Rule #8: Use another layer for third-party services calls

Often, in our application, we may want to call a third-party service to retrieve certain data or perform some operations. And still, very often, if we don’t separate this call into another specific layer, we might run into an out-of-control piece of code that has become too big to manage.

A common way to solve this problem is to use a pub/subpattern. This mechanism is a messaging pattern where we have entities sending messages called publishers, and entities receiving them called subscribers.

Publishers won’t program the messages to be sent directly to specific receivers. Instead, they will categorize published messages into specific classes without knowledge of which subscribers, if any, may be dealing with them.

Similarly, the subscribers will express interest in dealing with one or more classes and only receive messages that are of interest to them — all without knowledge of which publishers are out there.

The publish-subscribe model enables event-driven architectures and asynchronous parallel processing while improving performance, reliability, and scalability.

Rule #9: Use a linter

This simple tool will help you to perform a faster and overall better development process, helping you to keep an eye on small errors while keeping the entire application code uniform.

Example of using a linter.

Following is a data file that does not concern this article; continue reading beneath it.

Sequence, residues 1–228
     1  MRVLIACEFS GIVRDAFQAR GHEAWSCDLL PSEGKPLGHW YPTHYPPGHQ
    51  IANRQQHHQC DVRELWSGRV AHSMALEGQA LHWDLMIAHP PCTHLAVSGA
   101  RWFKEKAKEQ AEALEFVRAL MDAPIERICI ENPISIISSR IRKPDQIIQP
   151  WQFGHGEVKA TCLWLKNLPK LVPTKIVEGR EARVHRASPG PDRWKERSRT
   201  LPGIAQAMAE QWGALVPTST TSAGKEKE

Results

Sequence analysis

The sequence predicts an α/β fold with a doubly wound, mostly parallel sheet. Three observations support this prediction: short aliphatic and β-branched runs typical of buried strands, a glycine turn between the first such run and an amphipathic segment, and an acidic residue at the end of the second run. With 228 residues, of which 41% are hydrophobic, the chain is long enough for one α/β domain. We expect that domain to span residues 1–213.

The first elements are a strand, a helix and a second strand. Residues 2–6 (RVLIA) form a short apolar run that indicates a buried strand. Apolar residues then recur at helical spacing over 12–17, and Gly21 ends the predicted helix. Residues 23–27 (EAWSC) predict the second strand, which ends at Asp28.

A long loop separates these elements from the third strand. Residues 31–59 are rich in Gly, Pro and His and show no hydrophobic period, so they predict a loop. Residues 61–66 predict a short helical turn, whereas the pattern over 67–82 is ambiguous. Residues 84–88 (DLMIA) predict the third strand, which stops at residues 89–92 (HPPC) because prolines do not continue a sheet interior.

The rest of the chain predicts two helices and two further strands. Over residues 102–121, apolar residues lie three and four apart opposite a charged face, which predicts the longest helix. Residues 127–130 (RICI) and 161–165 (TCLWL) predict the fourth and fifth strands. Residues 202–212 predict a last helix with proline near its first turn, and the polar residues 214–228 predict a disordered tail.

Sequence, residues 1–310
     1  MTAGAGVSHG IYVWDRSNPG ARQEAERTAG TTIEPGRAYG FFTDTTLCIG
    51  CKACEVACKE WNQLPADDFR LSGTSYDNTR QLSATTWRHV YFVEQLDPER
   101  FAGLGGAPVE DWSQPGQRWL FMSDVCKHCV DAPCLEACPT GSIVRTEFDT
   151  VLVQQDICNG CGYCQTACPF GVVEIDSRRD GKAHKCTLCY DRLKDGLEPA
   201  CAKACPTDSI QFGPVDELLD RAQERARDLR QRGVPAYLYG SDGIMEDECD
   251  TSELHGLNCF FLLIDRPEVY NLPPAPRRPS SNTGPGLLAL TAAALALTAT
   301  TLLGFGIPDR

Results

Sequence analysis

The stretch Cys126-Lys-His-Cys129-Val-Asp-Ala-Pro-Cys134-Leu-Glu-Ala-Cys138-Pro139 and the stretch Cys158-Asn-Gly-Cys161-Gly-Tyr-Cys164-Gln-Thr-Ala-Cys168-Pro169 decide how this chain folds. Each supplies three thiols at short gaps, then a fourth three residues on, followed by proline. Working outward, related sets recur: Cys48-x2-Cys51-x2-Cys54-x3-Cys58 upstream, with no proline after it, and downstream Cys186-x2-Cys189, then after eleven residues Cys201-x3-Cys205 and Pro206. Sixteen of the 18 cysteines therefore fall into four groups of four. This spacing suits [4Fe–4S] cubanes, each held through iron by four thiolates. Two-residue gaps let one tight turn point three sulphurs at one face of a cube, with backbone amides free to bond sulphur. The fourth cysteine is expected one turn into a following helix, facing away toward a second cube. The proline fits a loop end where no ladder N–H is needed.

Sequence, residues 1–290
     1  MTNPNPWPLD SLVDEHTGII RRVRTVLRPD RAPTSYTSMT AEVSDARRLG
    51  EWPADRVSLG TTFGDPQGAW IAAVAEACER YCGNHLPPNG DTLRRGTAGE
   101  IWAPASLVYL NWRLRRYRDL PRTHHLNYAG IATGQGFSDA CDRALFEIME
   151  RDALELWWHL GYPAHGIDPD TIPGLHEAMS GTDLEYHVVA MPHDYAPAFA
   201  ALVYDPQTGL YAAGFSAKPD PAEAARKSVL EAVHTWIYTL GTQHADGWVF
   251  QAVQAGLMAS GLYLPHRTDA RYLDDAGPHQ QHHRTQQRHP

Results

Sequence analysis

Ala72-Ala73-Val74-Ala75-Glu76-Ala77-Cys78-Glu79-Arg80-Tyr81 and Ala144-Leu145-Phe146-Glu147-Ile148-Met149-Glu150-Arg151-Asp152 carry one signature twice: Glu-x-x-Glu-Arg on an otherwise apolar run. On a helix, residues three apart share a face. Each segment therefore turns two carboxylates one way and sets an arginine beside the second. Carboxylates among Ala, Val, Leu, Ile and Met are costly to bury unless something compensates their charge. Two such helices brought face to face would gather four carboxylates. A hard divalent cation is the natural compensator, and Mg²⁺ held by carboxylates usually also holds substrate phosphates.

Rule #10: Use a style guide

Still, thinking about how to properly format your code consistently? Why not adopt one of the amazing style guides that Google or Airbnb have provided to us? Reading code will become incredibly easier, and you won’t get frustrated trying to understand how to correctly position that curly brace.

Google’s JavaScript style guide.

Rule #11: Always comment your code

Writing a difficult piece of code where it’s difficult to understand what you are doing and, most of all, why? Never forget to comment on it. This will become extremely useful for your fellow developers and to your future self, all of whom will be wondering why exactly you did something six months after you first wrote it.

Rule #12: Keep an eye on your file sizes

Files that are too long are extremely hard to manage and maintain. Always keep an eye on your file length, and if they become too long, try to split them into modules packed in a folder as files that are related together.

Rule #13: Always use gzip compression

The server can use gzip compression to reduce file sizes before sending them to a web browser. This will reduce latency and lag.

An example of using gzip compression with Express.

Rule #14: Use promises

Using callbacks is the simplest possible mechanism for handling your asynchronous code in JavaScript. However, raw callbacks often sacrifice the application control flow, error handling, and semantics that were so familiar to us when using the synchronous code. A solution for that is using promises in Node.js.

Promises bring in more pros than cons by making our code easier to read and test while still providing functional programming semantics together with a better error-handling platform.

A basic example of a promise.

Rule #15: Use promises’ error handling support

Finding yourself in a situation where you have an unexpected error or behavior in your app is not at all pleasant, I can guarantee. Errors are impossible to avoid when writing our code. That’s simply part of being human.

Dealing with them is our responsibility, and we should always not only use promises in our applications but also make use of their error handling support provided by the catch keyword.

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Muktarul Khan Akash

Frontend web developer || Web developer || JavaScript developer